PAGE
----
Though the sanction for 814 artillery guns worth Rs 15,750 crore ( US$ 2.56 billion) was cleared last November, by the Defence Minister Manohar Parrikar headed Defence Acquisition Council, the MoD is yet to issue a Request for Proposal. These guns would be acquired under the Buy and Make procedure, under which 100 guns would be purchased off the shelf while 714 would be made in India.
The Defence Acquisition Council was set up in 2001 to fast track the decision making process, as part of the post-Kargil reforms. The Council has been mandated to approve long term integrated perspective plan for the forces and gives acceptance of necessity to begin acquisition proposals and also grants approvals to all major deals.
This is considered a step forward by the MoD, but considering the over three decades inaction by the successive governments, the present MoD would have to fast track the process of guns acquisition. The Indian Army felt the absence of these guns during the 1999 Kargil conflict and one and a half decades later, the government still seems to be in doldrums and moving at snail’s pace. Absence of artillery guns have seriously impacted the combat capabilities of the Indian Army, who seems to be thankful to the Almighty for absence of recurrence of any Kargil type or full-fledged conflict on the Indian borders.
Another move to acquire the guns from domestic source, seems to have been stuck due to technical issues. Way back in March 2013, the government had placed an indent with an indicative cost of Rs 126. 44 crores with the Ordnance Factory Board for procurement of 155mm artillery guns. When the indent was placed the guns were at the trial stage and the Government had then said in Parliament that induction in the army was based on successful trials.
The Army had indicated its desire to induct the OFB manufactured gun, but no final green signal has been given. This is the variant of Bofors FH 77B called the Dhanush, which suffered initial shock when during the trial the barrel exploded.
Though there is some movement in the MoD headquarters under the new regime of Manohar Parrikar , the Indian Army may have to wait a few more years for the actual induction of the guns in its artillery fleet.
The artillery guns were not acquired since the Bofors scandal was revealed by the media in 1986. At least six tenders have been issued till now but were cancelled because of various reasons, which also was followed by blacklisting and in a few cases single vendor situation forced the government to suspend the acquisition process.
The Army had first formulated the Field Artillery Rationalisation Plan (FARP) in 1999 to induct three categories of guns. After the DAC decided in November last to acquire the 814 mounted guns of 155/52 calibre, a decision was also taken to issue a fresh RFP for procurement, with buy and make in India terms, which will be open to public as well as private companies and a joint venture with Indian private sector partner will be preferred. This decision was taken to encourage the Indian private sector in the indigenous production of high-tech defence equipments in the country.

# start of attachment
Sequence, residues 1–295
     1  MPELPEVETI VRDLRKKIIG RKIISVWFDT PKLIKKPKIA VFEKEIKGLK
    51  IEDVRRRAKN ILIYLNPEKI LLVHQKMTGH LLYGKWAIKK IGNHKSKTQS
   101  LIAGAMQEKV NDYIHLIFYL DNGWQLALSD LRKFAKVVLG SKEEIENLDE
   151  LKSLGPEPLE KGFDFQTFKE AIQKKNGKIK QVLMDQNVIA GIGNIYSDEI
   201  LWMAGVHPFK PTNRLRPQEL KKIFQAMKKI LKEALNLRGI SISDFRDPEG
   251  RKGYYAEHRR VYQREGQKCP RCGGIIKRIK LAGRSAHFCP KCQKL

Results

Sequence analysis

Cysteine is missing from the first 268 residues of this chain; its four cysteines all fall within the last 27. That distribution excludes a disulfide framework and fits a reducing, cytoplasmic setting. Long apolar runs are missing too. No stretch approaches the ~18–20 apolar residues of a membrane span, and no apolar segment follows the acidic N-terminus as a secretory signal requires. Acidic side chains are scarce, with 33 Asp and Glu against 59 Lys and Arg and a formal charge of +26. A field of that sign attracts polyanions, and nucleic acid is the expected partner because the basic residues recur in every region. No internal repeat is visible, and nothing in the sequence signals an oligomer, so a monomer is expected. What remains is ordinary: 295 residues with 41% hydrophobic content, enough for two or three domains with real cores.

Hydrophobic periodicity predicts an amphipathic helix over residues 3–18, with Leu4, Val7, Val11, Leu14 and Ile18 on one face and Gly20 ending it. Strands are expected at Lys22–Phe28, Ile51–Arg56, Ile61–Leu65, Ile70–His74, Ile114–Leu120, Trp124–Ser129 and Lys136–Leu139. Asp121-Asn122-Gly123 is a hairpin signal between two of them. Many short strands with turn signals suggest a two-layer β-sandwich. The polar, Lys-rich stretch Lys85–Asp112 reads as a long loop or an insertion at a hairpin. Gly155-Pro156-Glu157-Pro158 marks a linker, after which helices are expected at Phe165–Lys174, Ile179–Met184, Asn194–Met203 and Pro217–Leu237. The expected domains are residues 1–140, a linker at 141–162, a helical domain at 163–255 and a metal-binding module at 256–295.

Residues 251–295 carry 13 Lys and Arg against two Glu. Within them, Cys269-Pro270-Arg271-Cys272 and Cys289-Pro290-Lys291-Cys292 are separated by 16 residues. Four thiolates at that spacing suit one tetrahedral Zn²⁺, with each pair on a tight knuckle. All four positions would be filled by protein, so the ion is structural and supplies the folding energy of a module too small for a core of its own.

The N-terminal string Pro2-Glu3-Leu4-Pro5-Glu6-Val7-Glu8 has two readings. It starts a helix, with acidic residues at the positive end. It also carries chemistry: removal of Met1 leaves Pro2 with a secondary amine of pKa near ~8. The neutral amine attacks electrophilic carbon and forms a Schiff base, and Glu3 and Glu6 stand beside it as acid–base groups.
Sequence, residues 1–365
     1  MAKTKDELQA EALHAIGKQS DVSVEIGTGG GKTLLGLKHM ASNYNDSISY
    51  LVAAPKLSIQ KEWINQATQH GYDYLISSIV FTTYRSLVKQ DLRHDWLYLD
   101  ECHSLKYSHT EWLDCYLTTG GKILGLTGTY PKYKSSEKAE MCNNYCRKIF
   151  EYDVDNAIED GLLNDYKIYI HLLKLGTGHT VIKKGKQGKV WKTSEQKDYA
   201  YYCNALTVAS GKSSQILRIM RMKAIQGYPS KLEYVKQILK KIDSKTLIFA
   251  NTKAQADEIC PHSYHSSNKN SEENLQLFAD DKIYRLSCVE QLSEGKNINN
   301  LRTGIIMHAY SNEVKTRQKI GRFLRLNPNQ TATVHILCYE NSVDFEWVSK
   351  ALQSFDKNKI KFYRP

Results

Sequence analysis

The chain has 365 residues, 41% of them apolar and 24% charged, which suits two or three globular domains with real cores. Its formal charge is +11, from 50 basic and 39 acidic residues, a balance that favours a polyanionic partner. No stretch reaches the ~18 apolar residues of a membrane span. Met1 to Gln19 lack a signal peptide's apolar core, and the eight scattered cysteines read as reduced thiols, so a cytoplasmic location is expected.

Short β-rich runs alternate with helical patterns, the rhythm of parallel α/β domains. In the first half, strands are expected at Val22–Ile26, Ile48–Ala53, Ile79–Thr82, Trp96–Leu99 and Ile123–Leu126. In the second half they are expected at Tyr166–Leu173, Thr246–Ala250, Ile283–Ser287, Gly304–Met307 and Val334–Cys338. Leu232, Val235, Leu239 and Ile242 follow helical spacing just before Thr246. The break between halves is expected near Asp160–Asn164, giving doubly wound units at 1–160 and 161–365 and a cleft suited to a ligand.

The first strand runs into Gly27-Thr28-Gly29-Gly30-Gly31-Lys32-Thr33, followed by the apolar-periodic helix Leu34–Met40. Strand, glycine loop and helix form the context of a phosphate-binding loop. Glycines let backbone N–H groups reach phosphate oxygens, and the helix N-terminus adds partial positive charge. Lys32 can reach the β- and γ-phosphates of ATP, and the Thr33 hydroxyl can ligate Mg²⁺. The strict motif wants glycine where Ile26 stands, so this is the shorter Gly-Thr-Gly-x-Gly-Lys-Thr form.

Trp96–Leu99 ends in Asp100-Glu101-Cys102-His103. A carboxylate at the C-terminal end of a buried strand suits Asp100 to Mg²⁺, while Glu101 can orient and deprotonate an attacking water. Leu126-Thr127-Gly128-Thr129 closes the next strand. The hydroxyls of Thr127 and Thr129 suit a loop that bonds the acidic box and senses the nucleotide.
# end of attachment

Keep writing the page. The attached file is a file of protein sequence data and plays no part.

The Indian private sector players have been staking their claim since long which includes the L&T, TATA and Bharat Forge. A policy decision has been taken to allot the contract to the best bidder among the Indian private players as a lead partner with a foreign firm. According to a defence ministry source, the Indian private players can show their capability to either manufacture the product totally in India with home grown technical capabilities or establish a tie-up with a leading international manufacturer which must match the specifications provided in the RFP.
The Field Artillery Rationalisation Plan had recommended the induction of 1580 Towed Gun System and 814 mounted platforms, which the government has decided to encourage the Indian players to make in India while the 145 ultra light howitzers are to be imported directly.
Accordingly the previous government had indicated to the US for supply of BAE systems M777 155 mm/39-caliber ultra light howitzers. But neither the then Antony led MoD nor the present Manohar Parrikar led MoD has gathered courage to say yes or no to the acquisition of these guns. No other alternative plan has also yet been revealed. Final fifth round of trials for towed howitzers have already been conducted for Nexter’s Trajan and Elbit’s ATHOS 2052 and the Indian MoD is yet to clear the report.
Earlier last August the DAC had approved the acquisition of indigenous Catapult Mk II tracked artillery systems made by the DRDO’s Combat Vehicle Research and Development Establishment in Avadi. It has been reported that the new system will be worth Rs 8.2 billion ( US$ 137 million) and will be using the same ageing, short range Russian D-30 130mm guns as the 1980 era Mk I. However it will be replacing the Arjun Tank Chassis for a licensed built Vijayanta ( which is a modified Vickers Mk-1 ) chassis.
This has produced a tracked , self propelled system with good mobility and firing range of only 24 kms. The only advantage is that it will have much improved access to spares and maintenance.
The Indian Army officers rue the fact that the principal adversary Pakistan and China are extremely smart in the deployment of latest artillery guns on the borders, posing huge dangers to Indian Army. Pakistan had acquired second hand M109A5 Self-propelled 155mm howitzers from USA in 2005. Considering the advantages the artillery guns gave to the Pakistani Army during the Kargil conflict, the Pakistani Army has given priority to the acquisition of artillery guns and is currently working with the Chinese North Industries Corp to upgrade 400 of its own D-30 towed guns to 155 mm caliber.